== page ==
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Santa Fe New Mexican Newspaper Archive: October 2, 2005 - Page 111

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Publication: Santa Fe New Mexican

Location: Santa Fe, New Mexico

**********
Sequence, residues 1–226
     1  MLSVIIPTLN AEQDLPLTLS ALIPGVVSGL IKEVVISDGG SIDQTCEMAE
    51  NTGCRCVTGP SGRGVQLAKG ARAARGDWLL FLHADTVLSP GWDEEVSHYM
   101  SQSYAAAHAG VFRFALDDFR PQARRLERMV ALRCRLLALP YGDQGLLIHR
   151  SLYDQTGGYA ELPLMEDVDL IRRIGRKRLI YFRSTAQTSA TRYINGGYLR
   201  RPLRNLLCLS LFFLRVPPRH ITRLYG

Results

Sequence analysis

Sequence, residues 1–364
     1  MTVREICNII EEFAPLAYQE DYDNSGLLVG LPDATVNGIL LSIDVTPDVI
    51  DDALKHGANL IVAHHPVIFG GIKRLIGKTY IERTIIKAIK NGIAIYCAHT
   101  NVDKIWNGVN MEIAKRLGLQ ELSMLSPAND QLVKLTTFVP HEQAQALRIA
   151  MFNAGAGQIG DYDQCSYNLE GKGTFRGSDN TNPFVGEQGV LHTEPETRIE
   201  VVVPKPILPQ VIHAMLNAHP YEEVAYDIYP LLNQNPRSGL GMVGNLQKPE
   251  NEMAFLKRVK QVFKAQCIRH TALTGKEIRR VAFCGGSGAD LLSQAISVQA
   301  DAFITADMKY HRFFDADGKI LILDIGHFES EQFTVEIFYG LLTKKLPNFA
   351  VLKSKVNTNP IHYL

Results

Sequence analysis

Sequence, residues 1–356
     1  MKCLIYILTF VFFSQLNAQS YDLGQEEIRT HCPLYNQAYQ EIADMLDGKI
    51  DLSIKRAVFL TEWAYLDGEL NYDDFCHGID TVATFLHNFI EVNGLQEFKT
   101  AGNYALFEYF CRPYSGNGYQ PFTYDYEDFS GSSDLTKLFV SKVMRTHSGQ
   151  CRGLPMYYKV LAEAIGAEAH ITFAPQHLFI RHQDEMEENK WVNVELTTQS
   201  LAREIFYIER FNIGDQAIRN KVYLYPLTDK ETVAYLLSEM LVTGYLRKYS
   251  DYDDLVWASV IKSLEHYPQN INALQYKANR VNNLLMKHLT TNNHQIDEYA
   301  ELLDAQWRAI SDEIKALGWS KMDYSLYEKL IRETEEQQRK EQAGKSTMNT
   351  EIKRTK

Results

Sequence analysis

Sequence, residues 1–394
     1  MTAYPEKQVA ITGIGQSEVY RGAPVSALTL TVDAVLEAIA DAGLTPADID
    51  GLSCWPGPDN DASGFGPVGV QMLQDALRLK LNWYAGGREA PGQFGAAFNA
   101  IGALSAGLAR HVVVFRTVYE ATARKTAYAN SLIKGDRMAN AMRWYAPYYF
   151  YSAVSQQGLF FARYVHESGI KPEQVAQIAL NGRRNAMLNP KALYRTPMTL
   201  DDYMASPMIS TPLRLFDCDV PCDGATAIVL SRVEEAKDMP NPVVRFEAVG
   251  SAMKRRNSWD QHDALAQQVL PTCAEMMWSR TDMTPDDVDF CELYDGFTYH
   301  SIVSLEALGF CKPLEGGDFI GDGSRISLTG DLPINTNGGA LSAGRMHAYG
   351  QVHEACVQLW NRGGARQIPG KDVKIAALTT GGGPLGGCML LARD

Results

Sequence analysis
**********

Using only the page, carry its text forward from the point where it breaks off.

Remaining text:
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   New Mexican (Newspaper) - October 2, 2005, Santa Fe, New Mexico                                epitomizes the lonely tightrope walk between spontaneity and organiza tion implicit in an improvised Rollins givesfew interviews but he graciously spent more than an hour on the phone recently talking about his creative process practice habits and stylistic traits Question A friend of mine met you once hi a music store in Boston around 1963 He remembers two things clearly First you were buy ing a guitar string to attach from the neck to the bell of your horn Sec ond you told him to play as much as possible anywhere and that youd play on the street if there were no clubs What was the point of the guitar string and would you literally play on the street Answer I was just experimenting with the concept of the guitar string I never got it to work like I hoped so I abandoned was thinking about plucking it at propitious times as accompaniment to my horn playing I might not be playing on the street but Id be playing in private in my own garret someplace Playing on the street might entail the trap pings of a professional performance but I would definitely be playing all the time Its where I find a certain meditative value to my everyday existence Its my way of meditating or praying Question How much do you practice Answer Its a little difficult these days because of the encroachments of age dental problems and all that So I cant practice as much as I would like If Im in the house and for some reason I dont get around to playing for two or three days because of a physical problem I begin to physically feel ill I used to play all day more than eight hours NbwIf I get in two hours a day I feel reasonably satisfied Question What do you practice Answer Im sort of a streamof consciousness player When I was a boy I used to play and not have anything planned and I would just be in the house playing for hours and hours So I just start out playing I do haye projects I work on vari ous chord patterns and such Right now Im working on a way to have the same facility in for instance the key of A major that I might have in C major Im trying to find a method to hear the saxophone and intervals in all the keys and be able to play anything in any key I have sheaves of manuscripts and I work off of those Im constantly writing down music walking through airports or somewhere and something comes to my mind So Ive got my pad and I refer to that as often as it takes to get these things in my head If you can go through the patterns you alleviate the mechanics of playing the horn Question Will you practice play ing a tune for 20 or 30 minutes Answer I might if Im trying to learn a tune I try to find the dead spots where Im not exactly getting whats going on and play them over and over until I can remove them I practice so that I dont have to practice when i m playing So when Im on the bandstand I dont have to think I can just let the song play itself and let the elements that come to bear on improvisation take over Question Describe the difference between the way you feel on a good night or a bad night Answer I hate to think about when Im having a good night because then youre giving me a trauma Im getting to be professional enough that I can sort of overcome the bad nights because it can give you a negative view of your own performance and you can make it worse I try to avoid thinking about having a bad night even when Im having a bad night On a good night everything just happens and you dont have to think about it Things come into my head easier If Im having a bad night I find myself thinking too much Youre not supposed to trunk Theres no time If I have to think of an idea and thenplay it by that time the moment has passed and its stale If Im thinking too much I know Ive got to change course Question Thats the great struggle of improvisation the com plex interplay of the conscious and unconscious minds Answer It is complicated but you can will yourself to do it I just try and act the other way and get to that other side of the mind where I just let things happen Question It used to be that if you werent having a good night the entire creative mechanism would appear to shut down Are you better able to work through those periods Answer Yeah thats about it Im able to work through it better Question Lets talk about the ori gins of your style First the incred ible rhythmic looseness and variety in your phrasing Answer When we were coming up we listened to all of our idols Charlie Parker and Coleman Hawkins and Lester Young We slowed down the vinyl records to hear what they were doing I did my homework But I remember an incident where I was with one of my peers in this little band we had We were playing a song and I started to solo and then he got mad and said Uh oh There he goes again Because I was beginning to play against the time but still of course within the time I guess I was beginning to perfect a way of play ing time with more elasticity I didnt particularly work on it It was how my playing matured Question What is the source of your penchant for thematic impro vising and melodic paraphrase Answer I think the fact that Im more of a linear player rather than a vertical player Playing themes and developing them was natural to my style from the getgo I didnt work on it I think of melody as the prime basic improvising tool or method I never think about rhythm Rhythm just comes to me Its some thing thats so intrinsic in the whole process that I never even think about it Question Theres also so much humor in your improvising musi cal jokes the way you play an idea and with a nutty twist the way you use melodic or rhythmic rhymes Answer Well when I was a little boy my friends used to call me the jester because I used to be a guy who was always playing jokes Its possible that carried over into my improvising Question How much of an impact did working with Thelonious Monk have given the humor in his itiusic and his use of melodic varia tion to organize solos Answer I dont know I was play ing with Monk when I was in high school so maybe theres something to that might be too facile a way to explain my playing Without denying anything I got from Monk I would want a caveat that everything might not be that simple Question Are you still having fun Answer Yeah but Idbnt like the characterization of having fun because I sort of have a Buddhist view of life Life is not necessarily to have fun If you mean Am I enjoy ing the challenge Then yes But if having fun denotes using drugs or eating a lot of ice cream or gambling then no I have fun because I realize what a tremendous privilege life is and what a tremendous opportunity we have to clean up our karma I always have fun when Im practicing my hom Performing is a little bit differ ent because Ive got a lot of respon sibility because Im so well known Question Would the ultimate for you be if you could practice and play without having to concern yourself with a career Answer That would definitely be the most fun with one caveat When youre performing it raises the level of what youre doing I can learn so much during an hour performance things that you might not get to by practicing at home for six months because theres such an intensity of concentration But other than that if theres such a place as heaven where I could be like one of those angels playing their harps Id just be playing my saxo phone 12 classic Rollins solos St Thomas Rollins landmark calypso inaugurated his lifelong fascination with Carib bean rhythms while the marriage of suspense and structure in his improvisation check out the way he manipulates the opening twonote motif captures his maturity in full flower From Saxo phone Colossus It Could Happen to You Rollins first recorded a cappella performance foreshadows the goitalone set pieces that would evolve into a hallmark of his style From The Sound of Sunny Blues for PhillyJoe An ebulliently swinging blues improvisation whose choruses comprise a textbook of thematic variation Not as elaborate as the iconic Blue Seven but a lot more fun From Newks Time Blue Old Devil Moon With an elastic bass anddrums trio anchored by Elvin Jones Rollins carves up this standard with rapier wit loosey goosey phrasing swing and a dazzling flow of spontaneous melodic and rhythmic rhyme that mark him as the greatest crjordchange player in jazz From A Night at the Village Vanguard Blue God Bless the Child Rollins sound glows like a Rembrandt interior on one of his most tender ballad performances underscored by eloquent dialogue with guitarist Jim From The Bridge If Ever I Would Leave You Rollins stretches out beautifully on this urgent bossa nova animating his organic narrative with ecstatic rhythmic phrasing tone and cocksure articulation A prime example of his 60s style From Whats New Oleo With two former members of Ornette Colemans band in tow Rollins unleashes a 25minute tour de force of streamofcon sciousness abstraction his sui generis approach to free jazz From Our Man in Jazz Three Little Words At a whirlwind tempo Rollins slices the melody into shards before reassembling them into elaborately virtu oso variations including a final coda as stunning as anything hes recorded From Sonny Rollins on Impulse 4Alfies Theme Burt Bacharach wrote the break out tune Alfie but Rollins wrote the film score including this swaggering theme His long solo austere and full of sardonic tonal inflection is a masterpiece of thematic improvis ing From Alfie Autumn Nocturne The ferocious fourminute leadoff cadenza remains an Olym pian achievement and a rare bright spot among Rollins mostly desultory records in the 70s and early 80s From Dont Stop the Carnival Mile stone and Silver City GMan An uptempo modal explo sion in which Rollins paced by drummer Marvin Smitty Smith breaks out of his recording slump He piles layers of intricate linear ideas barking riffs and willful cries during an indefatigable 15minute display of energy stamina and invention From G Man Milestone and Silver City Ive Never Been In Love Before Shad owed gloriously by Tommy Flanagan on piano Rollins blows up a storm in two separate solos his gruff elocution dense and audacious enough to earn audible shouts of encouragement from his band mates From Sonny Rollins 3 Mile The New Mexican magazine Oct 28 2005 SUNDAY 27